A horrific cleanup job

How far Duterte has actually gone with his authoritarianism gives us some sense of his pace and where he might be taking us. And it’s decidedly a fast and determined pace, made possible by a coopted legislature and an agreeable majority of the Supreme Court.

How do we clean up after Duterte?

It may seem premature to deal with that question since there’s no telling when he will leave power. But, precisely because he is power mad, and because of that we’re surely in for a horrific time, we need to be forewarned early.

To have some idea how wrecked we may have become once he’s through with us, and what capabilities will have been left us, if any, for rebuilding and restarting our national life, we must know how this man got past us in the first place; we must recognize and accept our failings, as psychologists might prescribe.

In fact, our case belongs in the realm of pathological politics. No one like Duterte, whose notoriety as a provincial-city mayor for two decades had preceded him, could have captured the presidency without a constituency of like mentality.

It’s happened in America, too, although that’s no consolation. What the American experience offers, rather, is a broad instruction on the benefits and pitfalls of the style of democracy common to both nations – after all, the Americans were its originators and we their colonial inheritors.

I doubt there’s anything to be gained from any further character comparison between Rodrigo Duterte and his American counterpart, Donald Trump. The more useful study seems to me that which tracks how our democracies failed to see those two aberrant pretenders coming.

Trump’s slip is ascribed chiefly to his party’s failure to screen him out in the way it and its rival party succeeded with unsuitables before – demagogues, extremists, plain crazies. Foremost among levels of checks, the American two-party system has been designed precisely to do that within a construct of laws and norms and institutions intended from the start to save the impressionable masses of electorate from themselves through an educated and better-informed leadership class.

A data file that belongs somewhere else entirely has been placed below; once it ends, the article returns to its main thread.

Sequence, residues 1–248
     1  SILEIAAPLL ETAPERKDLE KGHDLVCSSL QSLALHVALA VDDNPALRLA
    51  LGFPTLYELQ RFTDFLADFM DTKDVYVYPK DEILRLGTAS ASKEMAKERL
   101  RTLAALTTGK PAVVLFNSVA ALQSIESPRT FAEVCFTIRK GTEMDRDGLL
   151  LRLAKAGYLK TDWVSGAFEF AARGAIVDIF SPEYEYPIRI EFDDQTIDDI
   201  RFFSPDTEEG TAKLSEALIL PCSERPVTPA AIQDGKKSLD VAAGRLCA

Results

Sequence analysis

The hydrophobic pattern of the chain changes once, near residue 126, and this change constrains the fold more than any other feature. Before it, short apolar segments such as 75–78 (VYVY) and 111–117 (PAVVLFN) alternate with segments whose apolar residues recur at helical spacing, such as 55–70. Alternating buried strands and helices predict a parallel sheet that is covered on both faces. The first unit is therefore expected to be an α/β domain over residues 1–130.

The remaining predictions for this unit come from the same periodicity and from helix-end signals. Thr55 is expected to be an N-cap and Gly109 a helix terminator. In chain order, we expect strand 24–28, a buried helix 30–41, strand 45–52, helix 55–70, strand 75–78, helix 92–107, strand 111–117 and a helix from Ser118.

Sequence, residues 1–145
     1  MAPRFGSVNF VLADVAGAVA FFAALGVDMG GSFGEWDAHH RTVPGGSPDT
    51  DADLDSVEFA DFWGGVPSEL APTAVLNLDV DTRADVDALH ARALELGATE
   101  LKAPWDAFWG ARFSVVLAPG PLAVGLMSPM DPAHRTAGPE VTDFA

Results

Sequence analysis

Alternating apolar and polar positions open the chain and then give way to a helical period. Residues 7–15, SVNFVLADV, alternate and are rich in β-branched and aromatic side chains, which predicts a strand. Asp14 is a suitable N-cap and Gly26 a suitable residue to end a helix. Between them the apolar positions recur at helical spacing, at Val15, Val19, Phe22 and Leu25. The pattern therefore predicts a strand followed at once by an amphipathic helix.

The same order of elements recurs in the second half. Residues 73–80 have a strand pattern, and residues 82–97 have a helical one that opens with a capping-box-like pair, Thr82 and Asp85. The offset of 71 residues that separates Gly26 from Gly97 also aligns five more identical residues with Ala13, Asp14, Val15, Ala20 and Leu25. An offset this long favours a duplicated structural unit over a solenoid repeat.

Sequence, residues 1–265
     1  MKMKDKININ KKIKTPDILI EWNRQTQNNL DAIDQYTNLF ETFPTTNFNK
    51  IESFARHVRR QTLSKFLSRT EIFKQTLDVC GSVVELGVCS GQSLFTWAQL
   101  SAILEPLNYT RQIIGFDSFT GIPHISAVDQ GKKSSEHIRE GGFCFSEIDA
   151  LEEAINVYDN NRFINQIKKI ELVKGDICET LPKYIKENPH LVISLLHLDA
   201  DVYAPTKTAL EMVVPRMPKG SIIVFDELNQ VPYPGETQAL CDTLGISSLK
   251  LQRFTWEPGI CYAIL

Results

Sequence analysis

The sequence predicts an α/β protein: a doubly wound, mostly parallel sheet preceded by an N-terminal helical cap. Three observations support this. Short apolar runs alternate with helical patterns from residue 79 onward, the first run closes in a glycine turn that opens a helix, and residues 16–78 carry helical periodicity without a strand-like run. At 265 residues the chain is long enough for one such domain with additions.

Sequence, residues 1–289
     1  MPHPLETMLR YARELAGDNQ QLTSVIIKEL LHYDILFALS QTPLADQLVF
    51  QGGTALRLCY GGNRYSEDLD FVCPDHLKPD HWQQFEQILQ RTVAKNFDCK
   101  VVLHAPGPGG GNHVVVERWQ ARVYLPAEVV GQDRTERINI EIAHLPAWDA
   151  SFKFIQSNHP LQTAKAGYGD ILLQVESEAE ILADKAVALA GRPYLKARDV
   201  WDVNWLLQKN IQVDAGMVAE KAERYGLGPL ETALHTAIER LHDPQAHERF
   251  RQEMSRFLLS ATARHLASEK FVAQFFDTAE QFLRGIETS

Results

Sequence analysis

The system had more or less worked – until Trump, thanks to a Republican Party concerned more about party victory than anything else, no matter who bore the party’s standard. (A book just published examines Trump’s case and puts it in the context of its title – How Democracies Die, by Harvard University professors Steven Levitsky and Daniel Ziblatt. It’s a read close to home.)

In comparison, our failure with Duterte might be easier to understand, though unforgivable all the same, given that at stake could be no less than our very survival. As a nation, we did not go through such crucibles as the Americans did – a war of independence, a civil war, a depression, battles among a racial and cultural mix of immigrants for a place on a continent of frontierlands.

We ourselves had been originally an archipelago of numberless small dominions of kings, subjects, and slaves, or patrons, lackeys, and beneficiaries. In colonial times we were taken over politically and economically by foreign powers who, ruling by patronage themselves, did little to change our native parochial habits and cultures.